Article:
At first base, the Mets were able to pluck Adrian Gonzalez off the free agent wire. Gonzalez had gone to the Braves in the Matt Kemp trade, but the Braves quickly dropped him. The 35-year-old had a nightmarish 2017, compiling a .642 OPS in 71 games as he was bothered by back issues throughout the year. He became overshadowed in Los Angeles by Cody Bellinger, who won the NL Rookie of the Year Award, so the Dodgers had no reason to keep him around. Dominic Smith had been another first base option but he suffered a quad injury early in spring training and likely won’t be ready by Opening Day.

Travis d’Arnaud will get the lion’s share of starts behind the plate, backed up by Kevin Plawecki. d’Arnaud provides power, which is always nice to have from a catcher, but he doesn’t hit for average or draw walks, so his batting average and on-base percentage are underwhelming. And while d’Arnaud hasn’t been anything to write home about stopping the running game, he’s regarded as a good pitch framer.

In left field will stand the Mets’ biggest offensive threat, Yoenis Cespedes. Sadly, the slugger was limited to 81 games last year as he battled various leg injuries. When he was in the lineup, he hit .292/.352/.540 with 17 home runs and 42 RBI in 321 plate appearances. Among hitters who have taken at least 1,000 plate appearances since the start of the 2015 season, only 21 have put up a higher weighted on-base average than Cespedes (.368), who finds himself just ahead of Carlos Correa and just behind Corey Seager on that list.

Juan Lagares and Brandon Nimmo will share center field for the time being. Nimmo is having a big spring, putting up a .283/.361/.585 line with eight extra-base hits and 10 RBI in 61 spring plate appearances. He’s likely to bat leadoff against right-handed starters. Lagares isn’t having nearly as good a spring (.483 OPS) but will be in the lineup against lefties and will provide value with his Gold Glove-caliber defense. It’s also quite possible the Mets will trade him as they have gotten some interest lately.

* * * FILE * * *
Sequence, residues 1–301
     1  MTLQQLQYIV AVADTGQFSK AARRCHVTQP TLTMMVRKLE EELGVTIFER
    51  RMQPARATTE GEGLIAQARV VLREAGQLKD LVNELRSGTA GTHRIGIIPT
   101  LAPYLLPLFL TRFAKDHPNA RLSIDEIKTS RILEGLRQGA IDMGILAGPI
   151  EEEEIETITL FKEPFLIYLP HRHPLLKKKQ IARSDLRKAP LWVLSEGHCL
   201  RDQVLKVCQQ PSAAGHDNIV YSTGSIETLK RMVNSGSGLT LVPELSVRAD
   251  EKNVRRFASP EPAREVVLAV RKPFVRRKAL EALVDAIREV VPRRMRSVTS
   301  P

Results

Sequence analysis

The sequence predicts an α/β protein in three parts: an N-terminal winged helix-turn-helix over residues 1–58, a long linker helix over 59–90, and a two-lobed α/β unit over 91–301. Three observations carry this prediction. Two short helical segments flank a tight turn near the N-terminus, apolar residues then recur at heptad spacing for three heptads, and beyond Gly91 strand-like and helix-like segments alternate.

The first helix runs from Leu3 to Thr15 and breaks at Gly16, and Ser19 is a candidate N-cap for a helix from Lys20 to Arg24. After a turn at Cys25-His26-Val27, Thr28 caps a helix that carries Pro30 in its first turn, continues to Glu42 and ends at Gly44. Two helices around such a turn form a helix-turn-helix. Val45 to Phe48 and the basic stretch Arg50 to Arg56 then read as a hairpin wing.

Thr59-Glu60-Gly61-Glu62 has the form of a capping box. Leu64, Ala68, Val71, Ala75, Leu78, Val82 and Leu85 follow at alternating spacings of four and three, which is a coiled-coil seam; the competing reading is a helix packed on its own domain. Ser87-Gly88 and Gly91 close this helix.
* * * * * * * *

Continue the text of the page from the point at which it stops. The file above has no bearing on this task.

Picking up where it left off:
Jay Bruce returns to right field after inking a three-year, $39 million contract in January. The slugger put up a solid .254/.324/.508 line last year between the Mets and Indians with 36 home runs and 101 RBI. Though he struggled – for the most part — in his first go-around with the Mets in the second half of 2016, he’s good for at least 25 home runs and 90 RBI if he can stay healthy, which the soon-to-be 31-year-old has been able to do in recent years.

New manager Mickey Callaway says he plans to use a closer-by-committee which will include Jeurys Familia, Jerry Blevins, A.J. Ramos and Anthony Swarzak. It’s a committee that could certainly have success, but Familia and Ramos are both coming off of down years and Swarzak has been slowed in spring training by a calf injury. The Mets will also have Paul Sewald, Hansel Robles, Rafael Montero, Seth Lugo, and Robert Gsellman providing help from the ‘pen. Wheeler could as well if the Mets determine he can provide more in a relief role than in a starting role.

With all their warts, the Mets do have a competitive roster. The starting rotation has the potential to be really good, led by a now-healthy Syndergaard and followed by deGrom. The offense should be a buoy in the midst of all of the other displeasing variance the Mets will likely wade through during the season. The bullpen won’t be world-beating but will likely not be a serious source of concern given their options. FanGraphs is projecting the Mets to win 82 games while PECOTA has them at 81, which means they’ll be in the mix for the NL Wild Card. That sounds about right to me, but ultimately I think they’ll fall just a bit short of .500.

Prediction: 79-83, third place in NL East.